Author(s): Carragee E, Alamin T, Cheng I, Franklin T, Hurwitz E
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Abstract STUDY DESIGN: Prospective, 5-year, cohort study of working subjects. OBJECTIVES: To assess whether the occurrence of common minor trauma events affects the risk of developing serious low back pain (LBP) and LBP disability in subjects with and without degenerative changes to the lumbar spine. SUMMARY OF BACKGROUND DATA: Although some theories suggest that minor traumatic events in combination with preexisting degenerative changes commonly cause significant structural injury to spinal segments and serious LBP illness, no prospective data exist on the relationship of minor trauma, detailed structural changes, and outcome measures of serious LBP episodes and occupational disability. METHODS: Two hundred subjects without clinical LBP problems were recruited, and underwent baseline clinical and imaging studies. Every 6 months, subjects completed a scripted, algorithm-based interview assessing interval back pain episodes, severity, medical treatment, occupational disability, and the subject's perceived relation of this LBP episode to any preceding event. If a serious LBP episode clinically required a new magnetic resonance examination, the follow-up imaging was obtained and compared to baseline for interval changes. RESULTS: There was no association of minor trauma to adverse LBP events. For each 6-month study interval, the risk of developing a serious LBP episode was 2.1\% unassociated with minor trauma and 2.4\% following minor trauma (P = 0.59). Neither the frequency of minor trauma events nor the reported severity of the event correlated with adverse outcomes. Subjects with advanced structural findings were not more likely to become symptomatic with minor trauma events than with spontaneously evolving LBP episodes. Follow-up magnetic resonance imaging evaluating new serious LBP illness rarely revealed new clinically significant findings. Age and sex-adjusted prediction models, including abnormal psychometric testing, smoking, and compensation issues, accurately identified 80\% of serious LBP events and 93\% of LBP disability events. CONCLUSIONS: In this study cohort, minor trauma does not appear to increase the risk of serious LBP episodes or disability. The vast majority of incident-adverse LBP events may be predicted not by structural findings or minor trauma but by a small set of demographic and behavioral variables.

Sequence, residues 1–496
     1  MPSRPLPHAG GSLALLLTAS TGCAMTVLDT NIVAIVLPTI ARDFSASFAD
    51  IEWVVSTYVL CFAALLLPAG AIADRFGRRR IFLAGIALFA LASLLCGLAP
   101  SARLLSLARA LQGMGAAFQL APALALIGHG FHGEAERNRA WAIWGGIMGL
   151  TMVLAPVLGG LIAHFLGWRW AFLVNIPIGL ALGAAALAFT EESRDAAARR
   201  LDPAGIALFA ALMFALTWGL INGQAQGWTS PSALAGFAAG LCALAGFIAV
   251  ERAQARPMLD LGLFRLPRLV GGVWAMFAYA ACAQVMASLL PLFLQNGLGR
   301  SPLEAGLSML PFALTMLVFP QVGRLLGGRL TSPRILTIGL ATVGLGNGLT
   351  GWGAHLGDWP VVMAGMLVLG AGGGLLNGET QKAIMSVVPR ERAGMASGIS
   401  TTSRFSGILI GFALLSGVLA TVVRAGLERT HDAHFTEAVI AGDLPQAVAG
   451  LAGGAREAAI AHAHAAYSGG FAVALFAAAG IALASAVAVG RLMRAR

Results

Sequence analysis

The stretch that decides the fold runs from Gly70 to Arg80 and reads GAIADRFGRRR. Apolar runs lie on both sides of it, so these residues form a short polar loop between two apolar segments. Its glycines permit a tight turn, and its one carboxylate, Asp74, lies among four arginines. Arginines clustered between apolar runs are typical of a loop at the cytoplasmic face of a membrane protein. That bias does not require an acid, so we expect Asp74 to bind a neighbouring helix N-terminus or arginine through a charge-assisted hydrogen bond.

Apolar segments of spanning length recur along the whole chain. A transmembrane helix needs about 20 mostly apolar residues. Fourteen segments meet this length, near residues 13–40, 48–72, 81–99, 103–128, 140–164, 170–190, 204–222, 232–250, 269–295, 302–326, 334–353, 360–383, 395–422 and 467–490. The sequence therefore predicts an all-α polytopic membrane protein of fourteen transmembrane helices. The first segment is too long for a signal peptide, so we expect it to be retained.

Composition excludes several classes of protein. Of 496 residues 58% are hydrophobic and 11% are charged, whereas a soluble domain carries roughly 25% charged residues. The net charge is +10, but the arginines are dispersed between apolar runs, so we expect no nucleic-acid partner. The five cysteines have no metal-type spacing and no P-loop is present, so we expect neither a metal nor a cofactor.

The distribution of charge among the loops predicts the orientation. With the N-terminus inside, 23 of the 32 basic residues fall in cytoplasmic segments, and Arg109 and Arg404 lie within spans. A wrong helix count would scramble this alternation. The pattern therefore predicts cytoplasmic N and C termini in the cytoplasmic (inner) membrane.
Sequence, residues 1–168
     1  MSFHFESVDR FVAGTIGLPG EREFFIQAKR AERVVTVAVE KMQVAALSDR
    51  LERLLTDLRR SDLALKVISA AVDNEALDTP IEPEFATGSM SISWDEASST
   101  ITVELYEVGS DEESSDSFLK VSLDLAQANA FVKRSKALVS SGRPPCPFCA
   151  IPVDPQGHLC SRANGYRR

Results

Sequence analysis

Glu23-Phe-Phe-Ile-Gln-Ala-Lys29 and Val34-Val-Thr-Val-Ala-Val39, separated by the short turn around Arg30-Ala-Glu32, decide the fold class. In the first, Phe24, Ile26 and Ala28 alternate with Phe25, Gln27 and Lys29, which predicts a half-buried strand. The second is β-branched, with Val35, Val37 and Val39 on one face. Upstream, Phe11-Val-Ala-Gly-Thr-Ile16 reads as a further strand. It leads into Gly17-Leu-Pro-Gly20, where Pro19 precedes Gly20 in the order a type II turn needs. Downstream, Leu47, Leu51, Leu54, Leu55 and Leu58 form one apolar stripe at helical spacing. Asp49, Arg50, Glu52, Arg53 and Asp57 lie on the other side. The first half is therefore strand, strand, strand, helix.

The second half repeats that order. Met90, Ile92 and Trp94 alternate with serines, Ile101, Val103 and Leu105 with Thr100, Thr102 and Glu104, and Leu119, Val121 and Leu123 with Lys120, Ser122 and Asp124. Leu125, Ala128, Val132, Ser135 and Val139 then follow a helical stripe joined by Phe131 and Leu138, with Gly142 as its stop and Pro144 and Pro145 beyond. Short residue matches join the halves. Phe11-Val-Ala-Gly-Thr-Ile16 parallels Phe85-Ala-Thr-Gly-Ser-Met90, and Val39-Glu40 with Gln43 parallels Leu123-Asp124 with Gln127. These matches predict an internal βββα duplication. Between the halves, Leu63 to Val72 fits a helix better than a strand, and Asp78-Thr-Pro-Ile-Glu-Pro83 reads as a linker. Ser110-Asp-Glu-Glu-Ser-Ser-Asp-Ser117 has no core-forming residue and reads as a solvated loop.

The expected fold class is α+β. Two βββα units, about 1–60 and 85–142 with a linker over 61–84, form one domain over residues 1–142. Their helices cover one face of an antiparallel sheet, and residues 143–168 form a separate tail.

This article was published in Spine (Phila Pa 1976)
and referenced in Journal of Novel Physiotherapies